2. Design and build an MVP

Since our assumption is focused on NLU (natural language understanding), we decided to focus solely on that. No branding, UX or other features. Just focus on improving the understanding. We’ve hired data scientists to build a state of the art NLU algorithm for understanding complex reminder requests. Secondly, since all we’re validating is this assumption, we’ve decided to build the MVP as a chatbot on Facebook Messenger, instead of going through the long and annoying process of building a mobile app. 

Please note! If we were to build a mobile app, this would not add anything to testing our assumption, and make our MVP longer and more complicated to design and build. Moreover, it might have even defocused us from the main assumption. For example, what if users just don’t like to use new apps anymore? We might’ve concluded that our assumption is wrong even though it was for a whole other reason. 

It’s important to narrow your MVP as much as possible, so there are no distractions from your main assumption.


3. Target early adopters

We needed English speakers since our algorithms only supported it. Also, we believed that millennial moms would eagerly want a product like this, since they’re always on the move and very busy, while constantly needing to remember things. So we targeted some Facebook pages (with no budget) which were based on a community of moms, and successfully brought onboard a few hundred beta testers to try it out.


4. Apply the test results on the product

After our first iteration, we’ve learned the following:

  1. There were much more ways to ask for reminders than we thought. But users extremely enjoyed the ease of setting reminders with a simple request.

  2. Users don’t always ask for reminders in a single request but break it to a few steps.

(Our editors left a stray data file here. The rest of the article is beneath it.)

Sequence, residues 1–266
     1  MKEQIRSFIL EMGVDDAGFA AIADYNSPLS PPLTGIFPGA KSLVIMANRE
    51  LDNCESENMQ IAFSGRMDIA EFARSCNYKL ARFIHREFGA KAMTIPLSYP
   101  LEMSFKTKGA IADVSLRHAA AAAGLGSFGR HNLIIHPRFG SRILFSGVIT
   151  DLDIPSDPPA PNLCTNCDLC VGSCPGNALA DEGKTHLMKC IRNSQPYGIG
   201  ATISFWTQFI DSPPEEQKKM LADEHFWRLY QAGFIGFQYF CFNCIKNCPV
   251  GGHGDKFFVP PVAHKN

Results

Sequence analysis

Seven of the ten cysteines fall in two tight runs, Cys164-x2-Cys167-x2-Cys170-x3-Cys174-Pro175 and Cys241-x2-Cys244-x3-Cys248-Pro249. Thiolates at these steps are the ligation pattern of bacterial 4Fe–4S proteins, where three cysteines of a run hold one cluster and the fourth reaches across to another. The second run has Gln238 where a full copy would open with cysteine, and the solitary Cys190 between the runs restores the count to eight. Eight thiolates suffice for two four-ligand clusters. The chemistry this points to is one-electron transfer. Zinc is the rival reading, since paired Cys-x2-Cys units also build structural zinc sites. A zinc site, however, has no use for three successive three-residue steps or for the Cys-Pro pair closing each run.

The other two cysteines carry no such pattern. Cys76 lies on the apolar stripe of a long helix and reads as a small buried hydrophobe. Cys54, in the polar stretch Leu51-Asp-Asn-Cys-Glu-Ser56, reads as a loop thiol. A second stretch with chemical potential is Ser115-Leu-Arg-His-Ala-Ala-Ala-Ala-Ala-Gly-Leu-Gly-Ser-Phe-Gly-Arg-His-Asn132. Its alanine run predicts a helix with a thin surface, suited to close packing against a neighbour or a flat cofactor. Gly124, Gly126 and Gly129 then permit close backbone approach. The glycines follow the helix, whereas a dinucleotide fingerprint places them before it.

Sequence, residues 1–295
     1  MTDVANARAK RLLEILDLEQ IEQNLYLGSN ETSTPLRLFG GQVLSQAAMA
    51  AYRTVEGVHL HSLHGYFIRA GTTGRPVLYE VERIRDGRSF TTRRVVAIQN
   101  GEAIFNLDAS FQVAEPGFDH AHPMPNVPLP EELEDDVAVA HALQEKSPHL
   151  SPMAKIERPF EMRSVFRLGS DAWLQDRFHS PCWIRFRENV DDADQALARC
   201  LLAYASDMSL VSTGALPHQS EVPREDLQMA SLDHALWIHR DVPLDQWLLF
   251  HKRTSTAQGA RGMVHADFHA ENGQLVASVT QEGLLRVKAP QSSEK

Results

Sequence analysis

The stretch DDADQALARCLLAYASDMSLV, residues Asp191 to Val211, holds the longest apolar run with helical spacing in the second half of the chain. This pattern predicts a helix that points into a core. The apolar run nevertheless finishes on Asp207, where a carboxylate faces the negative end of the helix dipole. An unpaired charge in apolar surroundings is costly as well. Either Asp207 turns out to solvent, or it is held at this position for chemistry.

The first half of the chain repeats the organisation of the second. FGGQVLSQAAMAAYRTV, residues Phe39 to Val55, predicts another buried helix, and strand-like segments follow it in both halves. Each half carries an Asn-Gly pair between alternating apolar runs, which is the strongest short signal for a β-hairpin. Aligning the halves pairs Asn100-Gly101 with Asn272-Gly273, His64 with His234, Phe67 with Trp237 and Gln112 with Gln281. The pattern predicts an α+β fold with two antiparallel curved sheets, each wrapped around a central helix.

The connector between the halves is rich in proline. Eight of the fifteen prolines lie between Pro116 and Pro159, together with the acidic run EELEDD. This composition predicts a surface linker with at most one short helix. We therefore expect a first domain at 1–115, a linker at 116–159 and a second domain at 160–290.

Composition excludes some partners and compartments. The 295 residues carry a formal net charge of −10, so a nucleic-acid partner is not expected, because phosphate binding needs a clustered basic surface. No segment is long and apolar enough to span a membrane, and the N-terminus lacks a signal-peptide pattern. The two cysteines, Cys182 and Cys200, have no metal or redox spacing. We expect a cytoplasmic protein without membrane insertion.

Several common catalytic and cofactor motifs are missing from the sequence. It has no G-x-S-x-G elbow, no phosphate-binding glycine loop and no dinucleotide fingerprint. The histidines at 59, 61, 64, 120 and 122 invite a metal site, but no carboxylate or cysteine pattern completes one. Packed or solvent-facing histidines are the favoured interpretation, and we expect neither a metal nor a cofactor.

3. When working with chatbots, users would like the assistance of buttons to make it faster and easier to handle.

With these results, we went on to our next main assumption, which was to add buttons to the flow of setting a reminder (conclusion 3). And guess what, that assumption also turned out to be true. For more proven assumptions, you can read my article on How to improve your chatbot.

Little by little, we improved our overall product and retention rate on a weekly basis. We never went on to tackle more than one assumption at a time. Slowly but surely, we started discovering users who were with us for over 6 months! After a year of weekly iterations, we’ve finally decided it was time to launch our product. We’ve reached a Week 1 retention rate of 92% and Week 4 of 16%. It’s way above the market standard which was enough for us.

We’ve published our chatbot on FB Messenger on mid Feb 2018 and within a month, have grown by over 5,800% as you can see below. 

Daily new users from Feb 17 to March 17

Daily new users from Feb 17 to March 17

This was mostly due to delivering a lean product that we knew people enjoyed and would recommend to others. Since then, we’ve grown to over 1M users worldwide and are growing by tens of thousands of users a day. 

User activity from Jan 01 to May 01

User activity from Jan 01 to May 01

We’re continuing to work with this methodology, and it’s proven a success every day. 

Not only did this methodology help us focus solely on what’s the most important set of features users want, but it also helped us filter out features we believed are valuable, but that are actually not. 

As said with customer service that the customer is always right, the same goes for product development. Trust your customers, listen to them and engage with them, understand what they want and don’t want. Never build things out of your own intuition unless it’s for assumption testing. At the end of the road you’ll reach one of two conclusions:

  1. The product does not have enough market fit, time to move on.

  2. You have a product people want. Good job, you’re on the way to building a company!

Either way, you win.

Bots are here to stay. Here are strong reasons why.

For the past several years, I’ve been dedicating my life to learn, design, build and write about chatbots. The main reason chatbots fascinate me and conversational interfaces in general, is because they offer the most natural way for humans to interact with machines. Not only is the interaction natural, but also simple, clean and focused on what you need instantly. Think of Google’s search interface. All you can do is input search queries into a little text box. Everything that comes afterwards is magic.

Chatbots are still in their very early stage due to a few factors:

1. Lack of expectations between what chatbots can do and what users expect (or in other words, bad user experience). This leads to an instant disappointment and therefore to low usability. It starts with the largest bots such as Siri and all the way down to the very basic ones, which confuse users about their actual capabilities. In theory, Siri claims she can do almost anything related to your iPhone device, calendar and other internal Apple apps.